I Prefer Income is a website that offers database programs for preferred stocks, REITs, Dividend Diamonds 25+ (an alternative name for Dividend Champions/Aristocrats), MLPs/Midstream stocks, and eventually, high yield commercial REITs and BDCs. Until further notice, each program is currently free. Each program will thereafter be billed at $8/month.

Image Source: I Prefer Income

These programs are specifically designed to cater to the preferences of each individual investor using dividends, earnings, payout, debt, and other metrics.

Utilizing the metrics that are most important to them, users are able to use I Prefer Income's filter to narrow down the list of potential investments. This allows a user to hone in on the investments that are most attractive to them and that fit their investment preferences.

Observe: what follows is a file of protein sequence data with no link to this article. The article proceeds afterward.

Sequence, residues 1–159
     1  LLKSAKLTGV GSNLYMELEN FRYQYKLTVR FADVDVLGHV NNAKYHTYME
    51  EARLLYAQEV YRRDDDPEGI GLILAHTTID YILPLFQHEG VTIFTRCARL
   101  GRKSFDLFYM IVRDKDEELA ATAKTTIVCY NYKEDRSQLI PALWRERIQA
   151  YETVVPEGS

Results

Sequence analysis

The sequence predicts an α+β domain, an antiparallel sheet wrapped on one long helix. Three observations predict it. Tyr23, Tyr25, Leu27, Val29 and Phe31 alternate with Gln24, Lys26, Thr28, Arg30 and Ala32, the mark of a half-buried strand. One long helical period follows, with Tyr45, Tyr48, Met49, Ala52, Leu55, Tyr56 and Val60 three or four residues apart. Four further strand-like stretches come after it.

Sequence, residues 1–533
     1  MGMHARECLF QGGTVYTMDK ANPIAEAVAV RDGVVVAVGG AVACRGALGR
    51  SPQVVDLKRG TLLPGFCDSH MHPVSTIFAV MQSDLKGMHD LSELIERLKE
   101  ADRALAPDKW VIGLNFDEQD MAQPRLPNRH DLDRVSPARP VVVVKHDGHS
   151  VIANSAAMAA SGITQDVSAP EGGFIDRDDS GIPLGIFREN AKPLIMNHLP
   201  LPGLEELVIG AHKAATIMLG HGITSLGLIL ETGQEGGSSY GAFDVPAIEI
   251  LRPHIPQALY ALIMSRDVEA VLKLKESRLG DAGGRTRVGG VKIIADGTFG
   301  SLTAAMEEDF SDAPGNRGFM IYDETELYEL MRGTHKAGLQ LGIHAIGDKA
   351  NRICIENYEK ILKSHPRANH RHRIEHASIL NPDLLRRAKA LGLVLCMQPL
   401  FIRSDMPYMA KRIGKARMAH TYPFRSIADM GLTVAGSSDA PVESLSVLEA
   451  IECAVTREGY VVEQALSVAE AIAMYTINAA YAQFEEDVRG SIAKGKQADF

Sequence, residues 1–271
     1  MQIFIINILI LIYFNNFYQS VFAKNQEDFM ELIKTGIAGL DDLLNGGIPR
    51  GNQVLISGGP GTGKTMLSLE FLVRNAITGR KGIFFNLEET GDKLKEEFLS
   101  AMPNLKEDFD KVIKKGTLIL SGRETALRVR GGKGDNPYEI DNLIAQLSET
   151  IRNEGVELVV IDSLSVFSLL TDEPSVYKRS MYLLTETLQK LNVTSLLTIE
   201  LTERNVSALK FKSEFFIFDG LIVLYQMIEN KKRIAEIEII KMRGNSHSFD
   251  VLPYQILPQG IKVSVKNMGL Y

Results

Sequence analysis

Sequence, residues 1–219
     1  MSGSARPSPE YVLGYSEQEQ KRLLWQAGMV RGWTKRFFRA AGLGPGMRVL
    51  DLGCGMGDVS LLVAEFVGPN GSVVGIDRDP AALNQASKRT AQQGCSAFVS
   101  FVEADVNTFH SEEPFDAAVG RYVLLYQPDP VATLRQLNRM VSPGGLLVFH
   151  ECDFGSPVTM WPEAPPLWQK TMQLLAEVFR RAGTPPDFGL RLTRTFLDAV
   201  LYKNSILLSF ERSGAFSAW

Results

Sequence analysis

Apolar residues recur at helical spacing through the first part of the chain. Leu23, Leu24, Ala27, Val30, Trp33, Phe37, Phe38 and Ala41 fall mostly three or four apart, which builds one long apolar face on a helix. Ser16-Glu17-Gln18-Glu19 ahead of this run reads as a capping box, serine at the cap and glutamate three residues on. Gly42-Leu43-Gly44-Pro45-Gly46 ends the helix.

They can then conduct their own independent research to determine the stocks that best fit their investment needs, as well as checking out Seeking Alpha articles that are selected by I Prefer Income for specific stocks to get the thoughts of others on those stocks.

Users can also rank stocks by industries or sub-industries to see how they stack up against each other and aid in the decision making process.

Overall, I would recommend that investors who often find themselves spending excessive amounts of time trying to generate investment ideas for further research check out I Prefer Income. It helps me generate ideas for my articles on Seeking Alpha and personally. I've found the programs to be capable of meeting the needs of long-term income investors of all preferences, whether that is high yield or dividend growth investing.

As part of our agreement, I'll be providing feedback to Rich and his team of developers to improve the user friendliness and usefulness of the program. I'll also be posting under my own blog on the website with the Kody's Dividends name. These posts will provide my investment rationale to readers and I will also be examining stocks for investment that I was able to find using the I Prefer Income programs.

I feel as though posting every couple weeks and providing feedback on the programs will be a great way for me to help I Prefer Income deliver on its motto of Rely On Yourself Investing.